Social movements take their cues from conflicts in which broad social alliances share a distinct collective character. Social alliances exist between people of a definable social class driven, for example, by the color of one’s skin, desire to consume a plant or sexual orientation in order to gain access to a limited resource (e.g. human rights, medication, government benefits). Without these conflicts, there would be no synergy to affect social change, which is clear based on the observable headlines in the past seven days.
Baltimore Riots: Who is Freddie Gray? The 25-year-old African American died in early April after suffering a severe spine injury in police custody. On Monday, April 27 over 230 arrests were made; roughly 150 fires had been started; and fifteen police officers were injured in Baltimore as a result of the outrage over recent incidents across the country that establish the use of excessive force by law enforcement officers. Freddie Gray is being mentioned effortlessly in the same sentence as Michael Brown, Eric Garner, and Trayvon Martin. The city is rocked by despair, mistrust, and anger. The very essence of the problem (police corruption) isn’t being addressed so a social movement – however wrong in its execution – has begun in earnest. For people who are either white or don’t live in Baltimore, as long as the riots stop, the problem has been solved. It is this very attitude that may have contributed to the violence in the first place.
Cannabis: U.S. District Judge Kimberly J. Mueller is not a friend to progress or science. In mid-April, Judge Mueller upheld the constitutionality of a 1970 federal law that classifies cannabis as a dangerous drug similar to LSD and heroin. “At some point in time, a court may decide this status to be unconstitutional,” Judge Mueller was quoted as saying. “But this is not the court and not the time.” To keep marijuana in its present-day Schedule I classification is ignorant. Judge Mueller pointed out that the courts are not designed to act as a maker of public policy, and she thereby abdicated her role in the process. As such, the federal government is not going to act until Americans rise up and flood the White House Rose Garden with product and smart policy.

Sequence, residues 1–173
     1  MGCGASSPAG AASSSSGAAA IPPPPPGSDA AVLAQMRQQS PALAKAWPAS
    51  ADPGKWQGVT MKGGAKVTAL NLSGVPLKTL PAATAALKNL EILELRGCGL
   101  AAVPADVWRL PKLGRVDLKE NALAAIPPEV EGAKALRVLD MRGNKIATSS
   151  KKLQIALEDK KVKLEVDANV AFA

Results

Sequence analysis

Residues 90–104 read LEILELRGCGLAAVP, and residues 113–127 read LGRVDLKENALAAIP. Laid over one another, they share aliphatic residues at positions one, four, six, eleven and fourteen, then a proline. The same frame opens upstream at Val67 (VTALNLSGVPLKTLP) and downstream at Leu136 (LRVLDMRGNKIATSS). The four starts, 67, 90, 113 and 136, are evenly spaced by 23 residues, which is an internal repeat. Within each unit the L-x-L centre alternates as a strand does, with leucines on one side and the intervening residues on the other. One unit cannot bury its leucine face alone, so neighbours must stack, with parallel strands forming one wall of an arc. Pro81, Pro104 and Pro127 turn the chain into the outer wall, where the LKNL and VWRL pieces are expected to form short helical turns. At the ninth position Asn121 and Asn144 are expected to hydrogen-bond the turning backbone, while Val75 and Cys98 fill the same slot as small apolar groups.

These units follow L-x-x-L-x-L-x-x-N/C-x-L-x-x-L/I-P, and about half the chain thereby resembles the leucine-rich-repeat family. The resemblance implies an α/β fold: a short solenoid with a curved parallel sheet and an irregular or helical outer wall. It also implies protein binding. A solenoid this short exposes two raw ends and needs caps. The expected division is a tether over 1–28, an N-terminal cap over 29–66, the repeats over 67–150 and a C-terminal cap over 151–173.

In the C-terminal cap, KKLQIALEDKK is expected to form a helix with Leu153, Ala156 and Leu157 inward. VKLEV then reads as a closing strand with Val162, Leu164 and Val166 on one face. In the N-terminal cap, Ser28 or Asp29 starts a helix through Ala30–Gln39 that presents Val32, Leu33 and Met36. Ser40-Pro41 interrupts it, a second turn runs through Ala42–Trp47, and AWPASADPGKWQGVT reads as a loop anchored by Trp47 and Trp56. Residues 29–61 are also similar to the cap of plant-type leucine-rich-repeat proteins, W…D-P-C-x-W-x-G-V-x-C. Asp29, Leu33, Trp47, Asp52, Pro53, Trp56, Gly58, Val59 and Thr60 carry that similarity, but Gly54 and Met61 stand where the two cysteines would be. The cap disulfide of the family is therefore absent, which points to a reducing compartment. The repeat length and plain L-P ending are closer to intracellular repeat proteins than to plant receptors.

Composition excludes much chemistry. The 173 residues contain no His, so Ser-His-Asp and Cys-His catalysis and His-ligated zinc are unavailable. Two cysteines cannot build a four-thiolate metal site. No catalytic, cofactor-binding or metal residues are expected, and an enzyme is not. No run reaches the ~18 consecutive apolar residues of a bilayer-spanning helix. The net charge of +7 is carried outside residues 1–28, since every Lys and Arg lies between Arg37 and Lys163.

Gay Marriage: The Supreme Court justices considered two issues during oral arguments on Tuesday, April 28: whether states are required to offer marriage licenses to gay couples, and whether states have to recognize same-sex marriages performed outside their borders. SCOTUS will likely issue one decision in June covering four consolidated appeals cases from Kentucky, Michigan, Ohio and Tennessee, which ban same-sex marriage. Remember this: Mike and Mike’s marriage does not disturb Ted and Christine’s union. As much as I believe the self-described Conservative justices have a hard time finding legal authority to allow a ban to continue, I would love to have heard faithful Christians affirm that regardless of the choices other people make and whether they’d make those same ones, no government has a right to legally discriminate. Denying same-sex couples the right to marry is unconstitutional as it treats same-sex couples differently than opposite-sex couples and it infringes on a same-sex couple’s ability to make personal decisions about their lives. In each situation, a couple’s equality and liberty are violated, and I thought people in the USA are supposed to find that repugnant.